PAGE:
6.4. to make proposals at European level for parliamentary targeted assistance and networking measures based on parliamentary expertise identified during the campaign;

6.5. to promote the setting up of a group of male parliamentarians dedicated to combating violence against women and to create networks between them at European level;

6.6. to adopt or supervise the application of seven key measures considered to take priority:

6.6.1. making domestic violence against women, including marital rape, a criminal offence;

6.6.2. regarding violence perpetrated between (former) partners as an aggravating circumstance;

6.6.3. setting up sufficient numbers of safe emergency shelters;

6.6.4. making provision to remove violent spouses or partners and take out protection orders against perpetrators ;

6.6.5. guaranteeing effective access to the courts and to protection measures for victims;

6.6.6. allocating sufficient budgetary resources for the implementation of the law;

6.6.7. monitoring the application of laws on violence against women passed by parliament.

6.7. to submit a progress report on the implementation of these priority measures and activities carried out under the campaign by April 2008;

6.8. to identify the financial means allocated to combat domestic violence against women over the past years;

6.9. to present, before the end of 2007, the budgetary objectives and appropriations for 2008 to fight domestic violence against women, taking into account a minimum objective of 1 euro on average per inhabitant in all member States.

7. The Parliamentary Assembly decides to continue the work carried out jointly with regional parliamentary assemblies (the European Parliament and the Nordic Council) and the Inter-Parliamentary Union.

8. In particular, it invites the European Parliament to co-organise a joint conference in 2008 on combating domestic violence against women in Europe.

9. The Assembly agrees to hold a parliamentary conference (the third meeting of the contact parliamentarians) in spring 2008 to assess the implementation of measures to combat violence against women by the Parliamentary Assembly and the national parliaments, and prepare the Assembly’s contribution to the closing conference of the campaign, scheduled for June 2008.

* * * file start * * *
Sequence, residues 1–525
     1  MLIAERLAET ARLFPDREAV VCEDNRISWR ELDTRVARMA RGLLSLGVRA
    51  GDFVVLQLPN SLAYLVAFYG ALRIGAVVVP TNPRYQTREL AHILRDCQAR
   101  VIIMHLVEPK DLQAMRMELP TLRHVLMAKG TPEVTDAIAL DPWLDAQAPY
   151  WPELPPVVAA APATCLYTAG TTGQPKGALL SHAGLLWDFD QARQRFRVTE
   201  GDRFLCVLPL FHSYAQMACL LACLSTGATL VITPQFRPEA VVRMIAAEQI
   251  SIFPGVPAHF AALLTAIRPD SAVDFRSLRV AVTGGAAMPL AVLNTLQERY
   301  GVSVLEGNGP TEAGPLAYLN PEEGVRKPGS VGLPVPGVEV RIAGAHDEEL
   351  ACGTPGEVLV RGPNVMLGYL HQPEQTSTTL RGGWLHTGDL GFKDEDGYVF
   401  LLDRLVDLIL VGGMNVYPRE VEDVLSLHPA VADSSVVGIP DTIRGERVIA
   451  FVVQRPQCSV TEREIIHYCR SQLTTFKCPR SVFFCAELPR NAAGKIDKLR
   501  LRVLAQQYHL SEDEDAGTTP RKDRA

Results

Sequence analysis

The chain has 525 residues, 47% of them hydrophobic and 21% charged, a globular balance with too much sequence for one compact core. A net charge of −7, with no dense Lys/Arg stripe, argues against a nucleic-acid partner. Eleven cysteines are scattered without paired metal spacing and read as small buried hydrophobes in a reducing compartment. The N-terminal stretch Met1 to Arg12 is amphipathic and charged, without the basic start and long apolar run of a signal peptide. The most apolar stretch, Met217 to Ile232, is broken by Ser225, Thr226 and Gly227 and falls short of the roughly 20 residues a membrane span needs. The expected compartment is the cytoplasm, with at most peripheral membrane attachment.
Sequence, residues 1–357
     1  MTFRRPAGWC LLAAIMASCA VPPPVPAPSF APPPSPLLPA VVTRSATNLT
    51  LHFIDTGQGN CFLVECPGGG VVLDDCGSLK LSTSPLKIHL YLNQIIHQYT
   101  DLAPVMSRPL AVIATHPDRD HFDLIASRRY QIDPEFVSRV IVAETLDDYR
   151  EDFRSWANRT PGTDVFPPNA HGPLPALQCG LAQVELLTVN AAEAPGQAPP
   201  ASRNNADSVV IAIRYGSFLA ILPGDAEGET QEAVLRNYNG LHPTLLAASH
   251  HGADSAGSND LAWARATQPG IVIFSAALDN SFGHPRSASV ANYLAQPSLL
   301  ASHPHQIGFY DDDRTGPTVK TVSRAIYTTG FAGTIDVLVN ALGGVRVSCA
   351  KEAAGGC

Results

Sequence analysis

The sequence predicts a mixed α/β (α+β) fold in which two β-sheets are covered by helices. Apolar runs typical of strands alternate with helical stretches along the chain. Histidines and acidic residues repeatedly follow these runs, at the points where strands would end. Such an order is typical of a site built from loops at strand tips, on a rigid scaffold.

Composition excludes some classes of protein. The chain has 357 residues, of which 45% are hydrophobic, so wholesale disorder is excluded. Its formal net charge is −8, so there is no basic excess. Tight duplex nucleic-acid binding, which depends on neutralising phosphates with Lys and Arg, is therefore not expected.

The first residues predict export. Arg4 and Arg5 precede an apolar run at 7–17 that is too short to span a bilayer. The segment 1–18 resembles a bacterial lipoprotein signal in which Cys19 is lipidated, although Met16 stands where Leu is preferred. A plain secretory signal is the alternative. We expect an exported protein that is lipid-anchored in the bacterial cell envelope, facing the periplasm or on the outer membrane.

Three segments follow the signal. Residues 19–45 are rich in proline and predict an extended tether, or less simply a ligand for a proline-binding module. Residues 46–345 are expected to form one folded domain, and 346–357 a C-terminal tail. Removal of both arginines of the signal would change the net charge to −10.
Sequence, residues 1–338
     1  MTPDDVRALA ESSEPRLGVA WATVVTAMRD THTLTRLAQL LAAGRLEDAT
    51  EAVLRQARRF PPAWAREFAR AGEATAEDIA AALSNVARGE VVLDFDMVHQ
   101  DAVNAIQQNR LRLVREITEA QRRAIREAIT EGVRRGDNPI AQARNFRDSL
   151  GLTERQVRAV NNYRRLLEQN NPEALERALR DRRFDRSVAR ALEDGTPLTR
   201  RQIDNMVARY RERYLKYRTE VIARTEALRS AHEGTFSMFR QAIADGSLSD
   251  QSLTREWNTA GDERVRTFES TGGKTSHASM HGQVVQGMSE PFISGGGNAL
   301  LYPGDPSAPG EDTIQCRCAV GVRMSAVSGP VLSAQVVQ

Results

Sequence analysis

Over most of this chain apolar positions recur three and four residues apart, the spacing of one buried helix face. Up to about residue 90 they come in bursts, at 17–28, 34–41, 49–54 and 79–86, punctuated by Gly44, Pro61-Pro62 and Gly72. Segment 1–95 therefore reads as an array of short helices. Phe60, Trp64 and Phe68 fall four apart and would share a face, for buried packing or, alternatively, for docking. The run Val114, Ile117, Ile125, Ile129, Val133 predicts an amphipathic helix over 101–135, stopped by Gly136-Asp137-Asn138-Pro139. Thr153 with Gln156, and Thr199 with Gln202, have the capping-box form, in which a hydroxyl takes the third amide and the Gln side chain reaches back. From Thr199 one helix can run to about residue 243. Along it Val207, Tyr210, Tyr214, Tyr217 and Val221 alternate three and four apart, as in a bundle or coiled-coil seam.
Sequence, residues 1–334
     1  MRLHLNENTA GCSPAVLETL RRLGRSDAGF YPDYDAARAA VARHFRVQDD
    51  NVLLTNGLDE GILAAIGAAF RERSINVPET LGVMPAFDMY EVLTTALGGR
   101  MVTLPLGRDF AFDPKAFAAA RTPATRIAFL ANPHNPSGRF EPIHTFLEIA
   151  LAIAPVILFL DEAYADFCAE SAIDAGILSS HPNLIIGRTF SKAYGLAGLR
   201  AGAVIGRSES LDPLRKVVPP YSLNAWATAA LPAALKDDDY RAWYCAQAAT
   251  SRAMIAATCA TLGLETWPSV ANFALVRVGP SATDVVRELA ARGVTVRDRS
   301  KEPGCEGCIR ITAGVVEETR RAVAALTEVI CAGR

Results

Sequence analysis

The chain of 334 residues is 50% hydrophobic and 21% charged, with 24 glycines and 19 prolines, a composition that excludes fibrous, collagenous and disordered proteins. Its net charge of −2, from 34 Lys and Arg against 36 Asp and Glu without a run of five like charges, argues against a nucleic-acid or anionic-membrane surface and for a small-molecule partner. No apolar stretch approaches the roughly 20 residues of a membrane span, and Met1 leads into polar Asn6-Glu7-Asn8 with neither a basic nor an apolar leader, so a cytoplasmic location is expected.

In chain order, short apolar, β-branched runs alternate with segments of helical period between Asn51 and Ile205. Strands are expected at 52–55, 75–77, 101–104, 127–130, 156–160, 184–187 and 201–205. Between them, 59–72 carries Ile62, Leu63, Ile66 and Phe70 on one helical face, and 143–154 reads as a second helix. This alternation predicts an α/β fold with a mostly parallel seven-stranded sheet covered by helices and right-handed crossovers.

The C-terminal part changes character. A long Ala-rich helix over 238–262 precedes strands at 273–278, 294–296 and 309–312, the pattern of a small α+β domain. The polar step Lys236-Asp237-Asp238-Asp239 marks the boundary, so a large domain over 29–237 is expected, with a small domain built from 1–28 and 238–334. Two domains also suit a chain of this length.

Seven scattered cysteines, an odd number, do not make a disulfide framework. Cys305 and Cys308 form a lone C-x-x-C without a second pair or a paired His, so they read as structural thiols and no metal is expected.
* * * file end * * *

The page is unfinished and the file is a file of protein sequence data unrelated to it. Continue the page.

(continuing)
10. The Assembly considers that it will be necessary to review the campaign once it is over and evaluate the success of the work carried out. It intends to keep abreast of the issue so that it can give its backing to new proposals where appropriate.

B.       Draft recommendation

1. Since the adoption of the Action Plan of the Third Summit of Heads of State and Government (16 and 17 May 2005) and of Resolution 1512 (2006), the Parliamentary Assembly has been fully committed to the implementation of the parliamentary dimension of the Council of Europe campaign to combat violence against women, including domestic violence.

2. For this purpose, it has enlisted help from the national parliaments of the Council of Europe member states, the parliaments with observer status with the Assembly, other regional parliamentary assemblies (the European Parliament and the Nordic Council) and the Inter-Parliamentary Union. It has also set up a network of contact parliamentarians, with 44 members to date.

3. The Parliamentary Assembly considers it crucial to promote synergies among the three strands of the Council of Europe campaign (i.e. the parliamentary, governmental and local and regional strands) for it have any real impact in Europe. It welcomes the recent initiatives which have made it possible to intensify co-operation between the contact parliamentarians and the representatives appointed by governments to oversee the implementation of the campaign.

4. The Parliamentary Assembly would like to thank the members of the Council of Europe Task Force for their contribution to the campaign. It encourages them to continue their efforts and to include an assessment of the parliamentary dimension of the campaign to be prepared by the Assembly in their final activity report.

5. Referring to Resolution … (2007) on “Parliaments united in combating domestic violence against women”: mid-term assessment of the Campaign, the Parliamentary Assembly points out that national parliaments are invited to continue carrying out and supervising the implementation of legislative reform as well as organising awareness-raising activities to promote the following seven priority measures to combat violence against women, including domestic violence:

5.1. making domestic violence against women, including marital rape, a criminal offence;

5.2. regarding violence perpetrated between (former) partners as an aggravating circumstance;